I believe that the public nature of the Church of England, being the state church, whilst obviously presenting it’s own problems, also presents huge opportunities for the mission of God. Whether through local schools, community events or rites of passage it would seem to have outward-facing possibilities that many churches don’t have. I used to be concerned about the ‘establishment’ aspect of the CofE but have noticed that it hasn’t stopped Archbishop Williams from speaking out on the Iraq war and that it may present opportunities to speak out on matters of social justice that smaller ‘independent’ churches don’t have.

The Vineyard movement in the UK actually has some strong links with parts of the Church of England. When Wimber first came over in the 1980’s it was largely with Anglicans that he hit it off e.g. David Watson and David Pytches. In some ways I see parallels with the Methodist movement, like Wesley (the lifelong Anglican), Wimber never intended to start a new denomination in this country but believed in renewing the existing church. Whilst many Anglicans left and joined new Vineyard fellowships there were many that stayed and are now involved in some of the most thriving CofE congregations e.g. St. Andrews, Chorleywood, St. Thomas Crookes, Sheffield, Holy Trinity Brompton, St. Aldates, Oxford etc etc. The New Wine network and conferences, Soul Survivor and Alpha are all examples of the relationship between the Church of England and Vineyard theology and praxis.

On the other hand, many within what gets called ‘the emerging church’ are dissatisfied with certain aspects of the modern church and are looking to explore older spiritualities whether Catholic, Eastern Orthodox or Celtic. I believe the Anglican church may be ideally placed to provide the deeper spirituality and holistic worship that people are hungry for.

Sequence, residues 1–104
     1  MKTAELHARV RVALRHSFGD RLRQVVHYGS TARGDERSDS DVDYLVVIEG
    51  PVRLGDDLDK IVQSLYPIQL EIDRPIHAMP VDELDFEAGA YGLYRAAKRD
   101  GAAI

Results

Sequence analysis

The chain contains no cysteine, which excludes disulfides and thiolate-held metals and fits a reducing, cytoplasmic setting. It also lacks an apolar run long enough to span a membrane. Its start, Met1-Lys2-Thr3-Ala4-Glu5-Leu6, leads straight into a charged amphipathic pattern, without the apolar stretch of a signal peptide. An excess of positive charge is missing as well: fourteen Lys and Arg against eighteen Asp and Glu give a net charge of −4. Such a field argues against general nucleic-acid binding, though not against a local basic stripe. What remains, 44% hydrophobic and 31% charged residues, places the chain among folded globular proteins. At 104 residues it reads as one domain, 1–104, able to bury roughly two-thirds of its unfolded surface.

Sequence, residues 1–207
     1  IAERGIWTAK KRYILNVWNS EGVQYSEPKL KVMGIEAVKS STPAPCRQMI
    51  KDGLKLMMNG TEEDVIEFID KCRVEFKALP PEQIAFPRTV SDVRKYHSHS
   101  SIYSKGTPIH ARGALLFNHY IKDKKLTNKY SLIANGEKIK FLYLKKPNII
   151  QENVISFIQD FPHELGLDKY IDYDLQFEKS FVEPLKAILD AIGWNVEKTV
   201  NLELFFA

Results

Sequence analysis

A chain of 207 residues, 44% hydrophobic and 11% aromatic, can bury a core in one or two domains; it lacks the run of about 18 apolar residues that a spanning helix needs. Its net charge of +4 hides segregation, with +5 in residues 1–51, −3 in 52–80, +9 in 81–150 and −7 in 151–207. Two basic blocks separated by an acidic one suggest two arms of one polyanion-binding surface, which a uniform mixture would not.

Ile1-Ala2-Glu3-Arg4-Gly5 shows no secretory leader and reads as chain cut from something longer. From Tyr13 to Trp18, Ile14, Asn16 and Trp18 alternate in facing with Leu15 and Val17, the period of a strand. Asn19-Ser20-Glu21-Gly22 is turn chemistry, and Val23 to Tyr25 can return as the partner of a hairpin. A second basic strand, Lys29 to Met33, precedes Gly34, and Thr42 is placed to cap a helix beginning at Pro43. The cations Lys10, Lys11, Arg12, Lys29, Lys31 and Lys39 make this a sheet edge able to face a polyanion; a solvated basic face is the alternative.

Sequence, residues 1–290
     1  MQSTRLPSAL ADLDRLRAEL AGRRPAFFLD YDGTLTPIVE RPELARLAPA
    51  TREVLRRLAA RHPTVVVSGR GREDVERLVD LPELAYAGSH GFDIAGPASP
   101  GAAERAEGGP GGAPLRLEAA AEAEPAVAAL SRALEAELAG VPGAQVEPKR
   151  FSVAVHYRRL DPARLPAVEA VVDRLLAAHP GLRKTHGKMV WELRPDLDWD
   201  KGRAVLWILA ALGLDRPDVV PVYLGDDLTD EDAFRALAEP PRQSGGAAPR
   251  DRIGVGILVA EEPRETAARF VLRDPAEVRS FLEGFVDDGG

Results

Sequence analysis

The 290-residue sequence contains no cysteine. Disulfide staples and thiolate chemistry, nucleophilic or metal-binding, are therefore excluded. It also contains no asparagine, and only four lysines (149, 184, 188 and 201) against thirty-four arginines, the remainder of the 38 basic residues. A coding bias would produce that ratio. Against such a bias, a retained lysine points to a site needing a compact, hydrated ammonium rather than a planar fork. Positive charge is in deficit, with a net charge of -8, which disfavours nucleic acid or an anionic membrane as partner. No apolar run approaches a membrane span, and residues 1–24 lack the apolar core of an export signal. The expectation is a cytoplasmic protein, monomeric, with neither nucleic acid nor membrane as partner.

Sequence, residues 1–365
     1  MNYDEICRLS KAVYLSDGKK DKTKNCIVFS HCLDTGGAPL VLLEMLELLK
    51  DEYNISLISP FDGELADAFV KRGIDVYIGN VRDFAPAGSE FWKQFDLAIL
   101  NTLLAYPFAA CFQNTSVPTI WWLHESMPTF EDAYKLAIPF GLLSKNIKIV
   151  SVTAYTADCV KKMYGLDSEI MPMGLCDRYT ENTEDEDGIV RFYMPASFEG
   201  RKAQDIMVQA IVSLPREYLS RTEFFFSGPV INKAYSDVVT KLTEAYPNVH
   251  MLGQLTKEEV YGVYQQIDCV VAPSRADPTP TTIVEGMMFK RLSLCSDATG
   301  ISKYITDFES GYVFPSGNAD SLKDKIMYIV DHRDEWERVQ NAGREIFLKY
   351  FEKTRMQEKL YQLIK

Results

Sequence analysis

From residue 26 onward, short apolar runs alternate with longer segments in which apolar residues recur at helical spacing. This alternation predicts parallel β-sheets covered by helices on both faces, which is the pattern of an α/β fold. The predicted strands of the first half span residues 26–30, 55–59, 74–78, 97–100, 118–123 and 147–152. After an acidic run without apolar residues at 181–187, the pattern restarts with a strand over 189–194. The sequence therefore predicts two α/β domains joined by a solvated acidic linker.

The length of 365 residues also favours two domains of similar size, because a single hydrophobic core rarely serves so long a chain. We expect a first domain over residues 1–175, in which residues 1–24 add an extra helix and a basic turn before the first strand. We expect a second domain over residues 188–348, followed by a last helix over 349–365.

There is much more I could say about my journey towards Anglicanism and my desire to pursue ordination. I am not one for moving churches, let alone denominations, on a whim and have given this move significant thought and prayer. Obviously there is only so much one can appreciate from the outside and I look forward to continuing this process within the Church of England.
I am not unaware of the tensions and challenges that the Anglican communion faces, but I actually believe this may be an exciting time for the church, and with people like Rowan Williams, Tom Wright and John Sentamu around I am hopeful for the future.

Sunday, November 27, 2005

church stuff

Coventry Vineyard has been encouraging recently. After what seems a long time of being around 20 people and wondering if we will ever be more than 20 people (not that there is anything wrong with being a church of 20 people), this term we have regularly had upwards of 60 people at our Sunday gatherings, with new people every week. It is getting difficult to keep up with all the new people who have been coming along. We have 3 growing housegroups, none of which are led by us, having recently handed over our group to Pete and Hayley. The church is getting involved in lots of outreach projects, spending the first Sunday of each month doing church on the streets, picking litter, raking leaves, doing peoples gardens as well as our recent housegroup decorating project and a winter sunshine children’s party. Coventry Vineyard has recently teamed up with St. John’s Westwood church for a combined 24/7 prayer initiative in the month of November. People have been praying around the clock, 24/7 (well, almost), for four weeks. Awesome stuff, and very exciting to see what God is doing. So, the question is, why are we moving on?